Throughout his presidential candidacy, Andrew Yang has leaned into a “model minority” rhetoric that capitalizes on Asian American stereotypes in order to garner support for his campaign.
This tactic has received backlash from Asian Americans — myself included. He has jokingly created a playful bond between himself and certain white voters with sound bites like “I’m Asian so I know a lot of doctors.”
By saying things like this and perpetuating these stereotypes, some have argued Yang is reinforcing racist sentiments and thus cementing the marginalization of Asian Americans in important national conversations.
But maybe we shouldn’t be condemning Yang. After all, all he’s intending to do is provide comic relief. While criticisms of Yang’s behavior are valid, they come off as incredibly one-sided and invalidate Yang’s own lived experiences. Asking him to lean into traditional identity politics could have an effect similar to what we see in “model minority” myths.
Asian Americans, as a group, are not particularly progressive. The controversy around Yang raises a real question about who we might be silencing by asking Yang to talk about the model minority myth in a specific way. There shouldn’t just be one way to talk about these stereotypes.
In our assessment of Yang’s rhetoric, we ought to bear in mind the scale of Yang’s burden, which is so varied and intense because American society over the years has flattened all Asian American experiences into one stereotype of the model minority.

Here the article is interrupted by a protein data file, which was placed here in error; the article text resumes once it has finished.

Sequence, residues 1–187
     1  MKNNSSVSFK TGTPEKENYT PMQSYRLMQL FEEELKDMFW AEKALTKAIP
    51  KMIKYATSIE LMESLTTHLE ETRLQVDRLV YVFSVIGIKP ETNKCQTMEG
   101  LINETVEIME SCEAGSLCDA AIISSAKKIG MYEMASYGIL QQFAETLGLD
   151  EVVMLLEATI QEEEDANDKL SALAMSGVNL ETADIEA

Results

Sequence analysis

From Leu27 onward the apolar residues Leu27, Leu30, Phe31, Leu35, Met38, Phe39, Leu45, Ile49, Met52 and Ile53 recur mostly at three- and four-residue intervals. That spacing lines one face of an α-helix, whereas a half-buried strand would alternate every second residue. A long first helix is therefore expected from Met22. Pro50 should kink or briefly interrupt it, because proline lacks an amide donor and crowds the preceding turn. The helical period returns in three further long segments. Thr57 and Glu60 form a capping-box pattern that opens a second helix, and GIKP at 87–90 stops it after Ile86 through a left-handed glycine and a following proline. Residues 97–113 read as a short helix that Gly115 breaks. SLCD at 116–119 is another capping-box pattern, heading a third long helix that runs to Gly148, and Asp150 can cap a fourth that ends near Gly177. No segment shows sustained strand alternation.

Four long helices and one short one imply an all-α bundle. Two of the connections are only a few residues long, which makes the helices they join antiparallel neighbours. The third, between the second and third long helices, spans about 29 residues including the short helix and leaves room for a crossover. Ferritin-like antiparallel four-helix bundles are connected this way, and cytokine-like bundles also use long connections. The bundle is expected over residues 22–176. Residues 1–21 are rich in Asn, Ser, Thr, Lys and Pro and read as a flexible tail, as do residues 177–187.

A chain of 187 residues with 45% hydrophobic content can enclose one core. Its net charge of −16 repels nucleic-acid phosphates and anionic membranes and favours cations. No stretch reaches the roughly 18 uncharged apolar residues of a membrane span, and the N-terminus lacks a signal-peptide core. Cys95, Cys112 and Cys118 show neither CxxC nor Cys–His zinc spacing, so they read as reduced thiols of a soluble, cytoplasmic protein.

This bias shapes not only outsiders’ perceptions, but also has an enormous distortionary effect on how we, as Asian Americans, think about ourselves. Perhaps Yang’s “open arms” approach to stereotypes could put us on a trajectory to blunt their power.
Yang’s supposed mockery of Asian Americanness can alternatively be read as a mocking of “conscious Asian Americanness.” He shapes his rhetoric around preconceptions society has about high-achieving Asian people and there’s something comfortably familiar about that. Yang reminds us on the country’s biggest stage of the unfortunate accomodations Asian Americans must make when telling our stories.
For those of us who have experienced racism, the onus has been unjustifiably transferred onto us to make people comfortable with who we are by way of not talking about our race and identity. In exchange for fitting in, we traded off our right to reject white supremacy and instead internalized it. Yet given Yang’s background, I find it doubtful that he is deliberately trying to make white people comfortable at the expense of Asian Americans.
The pragmatic way Yang talks about identity resembles a defense mechanism — he’s defusing spots of trouble with humor in order to reassure others that he is the Asian Everyman. He is the model minority Asian who is “like everyone else” and isn’t “woke” in any exhausting way.
Realistically, the country is not ready for an Asian American president who engages in identity politics the way we would like. Yang is tactfully strategizing against a backdrop of a country tired of these political trends. His racialized campaign in tandem with his lack of political clout necessitates a style that will allow him to appear more palatable.
Yang is not our only shot at rectifying the model minority myth. It feels that way because he has such a huge platform right now, but we can also dismantle it in our daily interactions and ask ourselves whether or not we’re being hypocritical. We cannot ask Yang to spark sophisticated conversation about the model minority myth if we’re not ready to really consider the nuances of Asian America in the body politic.